Zen and the art of pep talks

Zen and the Art of Pep Talks

Being a manager is more than just about showing up for work and assigning work to your various employees and subcontractors. It is more than just checking up on people, and more than just about shaking hands.  Psychology is a huge factor in being a manager, that can not be overlooked.

Working at a large company or tiny company doesn’t always make sense in terms of who does what and why.  In an entrepreneurship, the sole proprieter does all tasks in the business, unless they require some technical expertise in which case he hires an IT firm to help him. In a larger outfit, workers graduate to be managers if they are any good.  In a way this makes sense, because you need to be an expert on the work you do before you can supervise it. But, supervising is a completely different skill set, and they don’t teach this in school.

At school, if you studied business, you might study marketing theory, management techniques, and accounting. But, try out your skills in the real world with real people, and you will quickly realize that you are up against much more than what the text book said. You need to not only manage the actual work people do, but manage their attitudes as well.  What you might not realize, is that if a particular someone has the wrong attitude, your whole department could be doomed!

There are different types of attitude challanges that an employee might have and as a manager, you need to be able to quickly identify what type of psychological roadblocks the employee has, so that you can give them a pep talk that teaches them not only how to get through their roadblock, but how critical it is that they do.  Many employees don’t realize how serious an attitude problem could be.  It can kill a work relationship, and is contagious as well in many cases.

Imagine that in a room, there is one employee who doesn’t like being there and gives dirty looks to everyone.  Let’s assume that the others are not so pleased to be there either. The negativity spreads and circulates around the room — you can’t have that.  The manager can try to give regular pep talks to the most negative employee to get them to be more cheerful.  You could focus on how well that employee is doing, or how exciting the next project down the line is going to be.  Focus on positive things, and the positivity will spread — by definition. If the negative employee is incurable, or too high maintenance (pep talks don’t come cheap these days), then maybe it is time to say good bye.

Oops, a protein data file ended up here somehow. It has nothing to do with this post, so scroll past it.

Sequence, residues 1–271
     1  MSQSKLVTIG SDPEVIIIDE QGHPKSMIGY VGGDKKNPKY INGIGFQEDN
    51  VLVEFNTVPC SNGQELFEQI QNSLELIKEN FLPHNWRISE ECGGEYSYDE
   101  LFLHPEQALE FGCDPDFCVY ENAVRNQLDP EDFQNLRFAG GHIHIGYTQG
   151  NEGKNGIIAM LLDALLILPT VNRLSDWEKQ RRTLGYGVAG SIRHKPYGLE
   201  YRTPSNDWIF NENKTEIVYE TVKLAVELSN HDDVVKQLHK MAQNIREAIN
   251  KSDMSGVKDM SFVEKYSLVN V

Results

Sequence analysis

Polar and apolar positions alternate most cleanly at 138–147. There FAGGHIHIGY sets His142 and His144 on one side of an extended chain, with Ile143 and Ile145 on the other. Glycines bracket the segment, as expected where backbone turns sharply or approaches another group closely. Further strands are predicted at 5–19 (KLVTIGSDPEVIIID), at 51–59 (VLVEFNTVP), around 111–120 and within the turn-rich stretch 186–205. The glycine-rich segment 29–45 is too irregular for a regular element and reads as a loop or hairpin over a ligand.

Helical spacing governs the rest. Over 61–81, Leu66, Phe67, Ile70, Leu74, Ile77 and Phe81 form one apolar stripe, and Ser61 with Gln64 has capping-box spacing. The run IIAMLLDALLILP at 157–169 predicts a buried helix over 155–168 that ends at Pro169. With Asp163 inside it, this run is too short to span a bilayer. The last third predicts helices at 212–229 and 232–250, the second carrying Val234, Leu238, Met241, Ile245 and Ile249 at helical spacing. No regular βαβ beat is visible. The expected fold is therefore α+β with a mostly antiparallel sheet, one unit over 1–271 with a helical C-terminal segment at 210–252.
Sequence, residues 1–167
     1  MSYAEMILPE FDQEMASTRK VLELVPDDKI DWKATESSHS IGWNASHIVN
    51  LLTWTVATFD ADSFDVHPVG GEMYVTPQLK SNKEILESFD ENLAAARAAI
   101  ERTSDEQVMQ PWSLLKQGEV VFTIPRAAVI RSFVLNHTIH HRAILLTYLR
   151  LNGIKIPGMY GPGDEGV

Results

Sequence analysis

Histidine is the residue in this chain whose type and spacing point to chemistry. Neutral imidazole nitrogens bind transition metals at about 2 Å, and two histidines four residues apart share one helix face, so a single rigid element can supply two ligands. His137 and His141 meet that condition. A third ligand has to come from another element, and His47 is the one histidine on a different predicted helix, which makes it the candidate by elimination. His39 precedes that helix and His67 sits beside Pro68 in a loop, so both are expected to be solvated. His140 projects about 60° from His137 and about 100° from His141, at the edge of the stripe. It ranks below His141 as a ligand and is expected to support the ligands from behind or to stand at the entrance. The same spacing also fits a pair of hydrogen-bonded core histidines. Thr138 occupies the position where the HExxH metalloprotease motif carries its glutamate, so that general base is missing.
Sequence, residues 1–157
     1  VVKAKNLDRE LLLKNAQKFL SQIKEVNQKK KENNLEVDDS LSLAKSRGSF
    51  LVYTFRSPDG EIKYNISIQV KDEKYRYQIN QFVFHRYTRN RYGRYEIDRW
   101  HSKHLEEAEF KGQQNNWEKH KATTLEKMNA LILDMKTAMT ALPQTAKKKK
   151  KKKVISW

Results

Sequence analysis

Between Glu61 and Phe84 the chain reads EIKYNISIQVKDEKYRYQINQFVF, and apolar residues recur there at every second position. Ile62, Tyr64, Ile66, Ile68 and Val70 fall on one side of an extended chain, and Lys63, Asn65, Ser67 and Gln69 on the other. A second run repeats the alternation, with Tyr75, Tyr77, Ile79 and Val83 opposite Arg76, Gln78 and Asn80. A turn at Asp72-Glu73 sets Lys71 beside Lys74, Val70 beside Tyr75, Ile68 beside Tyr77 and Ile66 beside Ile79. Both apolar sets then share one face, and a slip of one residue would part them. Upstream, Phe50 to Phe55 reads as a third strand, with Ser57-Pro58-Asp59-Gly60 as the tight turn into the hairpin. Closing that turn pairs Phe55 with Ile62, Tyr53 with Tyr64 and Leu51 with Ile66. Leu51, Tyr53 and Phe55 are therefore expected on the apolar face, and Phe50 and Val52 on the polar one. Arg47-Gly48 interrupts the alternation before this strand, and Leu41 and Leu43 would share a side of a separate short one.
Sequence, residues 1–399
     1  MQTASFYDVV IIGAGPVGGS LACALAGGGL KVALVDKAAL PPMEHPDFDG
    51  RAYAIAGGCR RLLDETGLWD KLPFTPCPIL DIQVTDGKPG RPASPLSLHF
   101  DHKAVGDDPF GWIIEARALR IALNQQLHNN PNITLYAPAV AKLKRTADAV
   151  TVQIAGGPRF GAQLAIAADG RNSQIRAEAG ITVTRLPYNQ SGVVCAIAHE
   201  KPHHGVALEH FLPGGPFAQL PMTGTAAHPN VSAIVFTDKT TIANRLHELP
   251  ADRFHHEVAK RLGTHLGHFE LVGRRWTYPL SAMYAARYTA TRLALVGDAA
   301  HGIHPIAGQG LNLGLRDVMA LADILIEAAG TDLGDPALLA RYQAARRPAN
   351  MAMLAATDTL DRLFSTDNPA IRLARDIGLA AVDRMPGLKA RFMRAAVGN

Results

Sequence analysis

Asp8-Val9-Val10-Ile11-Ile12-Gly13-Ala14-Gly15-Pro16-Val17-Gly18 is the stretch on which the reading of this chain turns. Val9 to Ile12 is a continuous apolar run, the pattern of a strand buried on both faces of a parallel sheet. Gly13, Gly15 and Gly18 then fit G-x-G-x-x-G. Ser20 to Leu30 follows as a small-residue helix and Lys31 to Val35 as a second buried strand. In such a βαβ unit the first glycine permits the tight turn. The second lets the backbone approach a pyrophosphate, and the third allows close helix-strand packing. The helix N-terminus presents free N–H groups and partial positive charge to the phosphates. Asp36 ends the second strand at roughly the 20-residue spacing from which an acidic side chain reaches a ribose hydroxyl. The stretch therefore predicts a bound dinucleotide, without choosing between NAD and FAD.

What if you have a customer service rep who feels helpless even though they are an expert in their field?  This happens all the time!  I have a phone rep who is amazing, but lets customers walk all over him. Then, he gets all bent out of shape after they walked all over him.  I had a long time with him today and explained that he is the king. He has the knowledge, skill and experience, and these other people who are bothering him can barely tie their shoes. I said, “They should treat you with respect otherwise you shouldn’t even waste a nanosecond with them”.  I asked him if a professor, police man, border control agent, or other authority would let a civilian talk to them like customers talk to him — and he thought about it and said, “I guess not”.  Then, I said, “So why do you get upset when these ignorant types start antagonizing you?”.  I told this guy that HE was the authority, and that he sets the terms, and other people have to conform to his standards — or the discussion is over.  After this pep talk (which actually took over an hour in its entirety), my rep had a completely different perspective, and felt 200% better — just like that.

You might have a third type of situation where a good employee is just not giving 100%.  You could compliment this person on what their achievements have been, and what you think they can do next month.  Let them know that a little more effort could change their whole life — and that this is big.  It could mean promotions, more respect, and a completely different life in the future, and all it takes is another perspective, and a little extra effort.  The main ingredients here are enthusiasm, and the fact that the change you are asking for could have such huge results, that people’s whole lives could be permanently changed as a result.

Pep talks are life and death for a manager. If you don’t know how to do this, you need to study this like you study for a mid-term.  In a sense, giving good pep talks is sales work.  You are convincing someone to do something that they wouldn’t otherwise do, and giving them earth-shaking reasons why it is so important to do that thing you are proposing.

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